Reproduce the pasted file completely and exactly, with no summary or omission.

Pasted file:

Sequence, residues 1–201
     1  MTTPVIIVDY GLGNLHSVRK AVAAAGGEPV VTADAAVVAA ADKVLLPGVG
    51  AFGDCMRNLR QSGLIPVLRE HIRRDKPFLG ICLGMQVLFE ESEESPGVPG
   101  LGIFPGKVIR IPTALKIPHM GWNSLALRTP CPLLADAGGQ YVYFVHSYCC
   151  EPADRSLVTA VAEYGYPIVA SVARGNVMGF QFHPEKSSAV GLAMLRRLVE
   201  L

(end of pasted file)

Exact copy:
Sequence, residues 1–201
     1  MTTPVIIVDY GLGNLHSVRK AVAAAGGEPV VTADAAVVAA ADKVLLPGVG
    51  AFGDCMRNLR QSGLIPVLRE HIRRDKPFLG ICLGMQVLFE ESEESPGVPG
   101  LGIFPGKVIR IPTALKIPHM GWNSLALRTP CPLLADAGGQ YVYFVHSYCC
   151  EPADRSLVTA VAEYGYPIVA SVARGNVMGF QFHPEKSSAV GLAMLRRLVE
   201  L